C1829

The Wolf Brig of War. (Late of the Royal Navy) making Signal &; laying to, for a Pilot off Dover.

Artist:

Edward William Cooke (1811 - 1880)

In the 18th and most of the 19th centuries, a sloop-of-war in the British Navy was a warship (also known as one of the escort types) with a single gun deck that carried up to eighteen guns. Brig-sloops were the … Read Full Description

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S/N: FPOSAC-021–187437
(C067)
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Details

Full Title:

The Wolf Brig of War. (Late of the Royal Navy) making Signal &; laying to, for a Pilot off Dover.

Date:

C1829

Artist:

Edward William Cooke (1811 - 1880)

Condition:

In good condition.

Technique:

Original etching

Image Size: 

210mm 
x 170mm
AUTHENTICITY
The Wolf Brig of War. (Late of the Royal Navy) making Signal &; laying to, for a Pilot off Dover. - Antique Print from 1829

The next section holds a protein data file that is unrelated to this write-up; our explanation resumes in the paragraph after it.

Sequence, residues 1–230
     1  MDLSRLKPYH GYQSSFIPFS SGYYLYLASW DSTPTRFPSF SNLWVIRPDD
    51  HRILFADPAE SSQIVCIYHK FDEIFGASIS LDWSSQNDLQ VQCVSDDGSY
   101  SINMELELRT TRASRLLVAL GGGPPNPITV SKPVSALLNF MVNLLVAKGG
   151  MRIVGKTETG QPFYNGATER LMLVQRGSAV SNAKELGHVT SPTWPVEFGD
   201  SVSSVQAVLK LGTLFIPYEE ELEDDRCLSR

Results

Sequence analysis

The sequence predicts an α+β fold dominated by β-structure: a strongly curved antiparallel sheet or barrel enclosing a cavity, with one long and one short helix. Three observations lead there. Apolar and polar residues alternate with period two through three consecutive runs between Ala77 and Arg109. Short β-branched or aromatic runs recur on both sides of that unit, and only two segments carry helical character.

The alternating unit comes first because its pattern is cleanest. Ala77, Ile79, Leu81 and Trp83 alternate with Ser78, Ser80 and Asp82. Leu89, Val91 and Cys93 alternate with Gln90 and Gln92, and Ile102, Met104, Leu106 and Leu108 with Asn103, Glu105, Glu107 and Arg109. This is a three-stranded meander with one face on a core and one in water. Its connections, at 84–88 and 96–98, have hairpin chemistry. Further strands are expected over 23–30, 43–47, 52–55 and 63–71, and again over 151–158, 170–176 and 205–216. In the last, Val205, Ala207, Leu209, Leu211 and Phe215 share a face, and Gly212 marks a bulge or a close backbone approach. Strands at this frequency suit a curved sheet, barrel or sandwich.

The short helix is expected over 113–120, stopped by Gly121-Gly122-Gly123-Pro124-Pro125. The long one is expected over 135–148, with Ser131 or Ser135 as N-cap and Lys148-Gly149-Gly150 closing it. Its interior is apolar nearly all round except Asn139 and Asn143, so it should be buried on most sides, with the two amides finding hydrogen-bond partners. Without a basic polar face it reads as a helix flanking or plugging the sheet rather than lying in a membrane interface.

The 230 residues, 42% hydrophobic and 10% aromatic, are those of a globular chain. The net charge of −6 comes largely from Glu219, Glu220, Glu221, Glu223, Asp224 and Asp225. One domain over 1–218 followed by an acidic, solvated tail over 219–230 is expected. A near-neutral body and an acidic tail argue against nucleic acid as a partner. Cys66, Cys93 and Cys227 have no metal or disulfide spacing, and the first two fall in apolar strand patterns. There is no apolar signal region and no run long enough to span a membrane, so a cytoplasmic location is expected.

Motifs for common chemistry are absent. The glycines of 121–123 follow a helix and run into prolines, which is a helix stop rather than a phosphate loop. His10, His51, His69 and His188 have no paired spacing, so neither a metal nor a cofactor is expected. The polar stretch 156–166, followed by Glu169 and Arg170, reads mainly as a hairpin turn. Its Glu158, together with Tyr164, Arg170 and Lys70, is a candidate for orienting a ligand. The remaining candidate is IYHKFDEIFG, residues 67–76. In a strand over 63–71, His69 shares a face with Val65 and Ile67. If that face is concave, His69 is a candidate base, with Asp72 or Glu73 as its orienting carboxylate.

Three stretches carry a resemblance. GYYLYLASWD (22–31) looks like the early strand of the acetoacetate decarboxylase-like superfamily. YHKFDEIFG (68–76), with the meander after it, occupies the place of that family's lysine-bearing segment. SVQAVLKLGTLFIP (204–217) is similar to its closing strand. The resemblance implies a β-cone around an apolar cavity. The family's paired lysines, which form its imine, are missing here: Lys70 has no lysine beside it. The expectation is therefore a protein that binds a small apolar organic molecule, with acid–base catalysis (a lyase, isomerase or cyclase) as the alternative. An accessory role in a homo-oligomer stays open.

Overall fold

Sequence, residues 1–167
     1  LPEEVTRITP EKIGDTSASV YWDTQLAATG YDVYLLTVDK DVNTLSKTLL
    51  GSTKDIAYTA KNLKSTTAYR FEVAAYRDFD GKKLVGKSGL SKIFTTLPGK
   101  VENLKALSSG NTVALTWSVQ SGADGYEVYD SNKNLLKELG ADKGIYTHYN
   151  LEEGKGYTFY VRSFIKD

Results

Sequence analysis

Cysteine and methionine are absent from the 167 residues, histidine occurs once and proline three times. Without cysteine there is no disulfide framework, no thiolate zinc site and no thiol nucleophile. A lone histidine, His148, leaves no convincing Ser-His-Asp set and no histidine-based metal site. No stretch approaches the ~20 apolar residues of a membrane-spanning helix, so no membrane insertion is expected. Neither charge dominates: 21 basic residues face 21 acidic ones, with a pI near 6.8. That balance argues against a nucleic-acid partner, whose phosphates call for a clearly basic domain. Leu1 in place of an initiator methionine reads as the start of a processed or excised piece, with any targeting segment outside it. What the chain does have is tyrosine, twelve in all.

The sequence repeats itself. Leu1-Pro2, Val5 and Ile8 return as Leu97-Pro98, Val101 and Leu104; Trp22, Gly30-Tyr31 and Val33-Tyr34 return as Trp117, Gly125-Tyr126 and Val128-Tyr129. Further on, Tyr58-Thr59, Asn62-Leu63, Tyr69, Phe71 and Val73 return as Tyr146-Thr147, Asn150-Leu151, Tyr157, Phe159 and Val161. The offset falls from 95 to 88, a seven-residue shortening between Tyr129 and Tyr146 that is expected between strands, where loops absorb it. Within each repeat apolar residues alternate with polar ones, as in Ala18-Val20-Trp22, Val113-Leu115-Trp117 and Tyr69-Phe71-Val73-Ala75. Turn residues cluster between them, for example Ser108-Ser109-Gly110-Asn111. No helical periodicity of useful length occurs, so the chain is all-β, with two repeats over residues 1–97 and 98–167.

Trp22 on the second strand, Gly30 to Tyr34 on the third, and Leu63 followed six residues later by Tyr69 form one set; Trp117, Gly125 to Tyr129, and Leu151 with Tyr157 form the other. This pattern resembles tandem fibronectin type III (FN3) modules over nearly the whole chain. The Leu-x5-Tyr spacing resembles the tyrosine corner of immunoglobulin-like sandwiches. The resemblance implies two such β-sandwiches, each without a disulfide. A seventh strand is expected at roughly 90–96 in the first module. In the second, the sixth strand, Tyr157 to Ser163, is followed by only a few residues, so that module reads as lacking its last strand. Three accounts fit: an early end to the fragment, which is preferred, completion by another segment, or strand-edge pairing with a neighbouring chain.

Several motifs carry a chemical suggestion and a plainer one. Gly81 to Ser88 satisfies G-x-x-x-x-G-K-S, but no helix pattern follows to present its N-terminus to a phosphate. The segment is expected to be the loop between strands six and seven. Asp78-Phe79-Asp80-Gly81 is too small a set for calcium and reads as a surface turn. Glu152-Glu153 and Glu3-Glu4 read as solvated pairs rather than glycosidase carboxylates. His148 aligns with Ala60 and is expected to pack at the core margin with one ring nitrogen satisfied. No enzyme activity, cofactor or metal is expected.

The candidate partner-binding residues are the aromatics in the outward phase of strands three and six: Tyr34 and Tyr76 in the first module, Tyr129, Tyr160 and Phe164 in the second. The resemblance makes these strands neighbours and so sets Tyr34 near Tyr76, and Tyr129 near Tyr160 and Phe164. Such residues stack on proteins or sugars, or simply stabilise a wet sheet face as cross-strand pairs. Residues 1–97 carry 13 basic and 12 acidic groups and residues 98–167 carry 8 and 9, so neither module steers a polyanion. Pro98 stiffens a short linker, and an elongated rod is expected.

Genuine antique
dated:

1829

Description:

In the 18th and most of the 19th centuries, a sloop-of-war in the British Navy was a warship (also known as one of the escort types) with a single gun deck that carried up to eighteen guns. Brig-sloops were the same as ship-sloops except for their rigging. A ship-sloop was rigged with three masts whereas a brig-sloop was rigged as a brig with only a fore mast and a main mast.

A fine etching by Edward William Cooke (1811-1880) from  Fifty Plates of Shipping and Craft which he drew and etched all the images.

 

Biography:

Edward William Cooke (1811-1880) 

Marine and landscape artist born in Pentonville, London, the son of well-known line engraver George Cooke. From an early age he demonstrated his skills in drawing and at the age of eighteen published his series, Shipping and Craft. He was surrounded by famous artist such as Clarkson Stanfield David Roberts.

Cooke began painting in oils in 1833 and took formal lessons from James Stark in 1834, and first exhibited at the Royal Academy and British Institution in 1835.He travelled often throughout his life, to Holland studying the great Dutch marine artists.

He was also a Fellow of the Linnean Society, Fellow of the Geological Society and Fellow of the Zoological Society, and of the Society of Antiquaries. His geological interests in particular led to his election as Fellow of the Royal Society in 1863 and he became a Royal Academician the following year.

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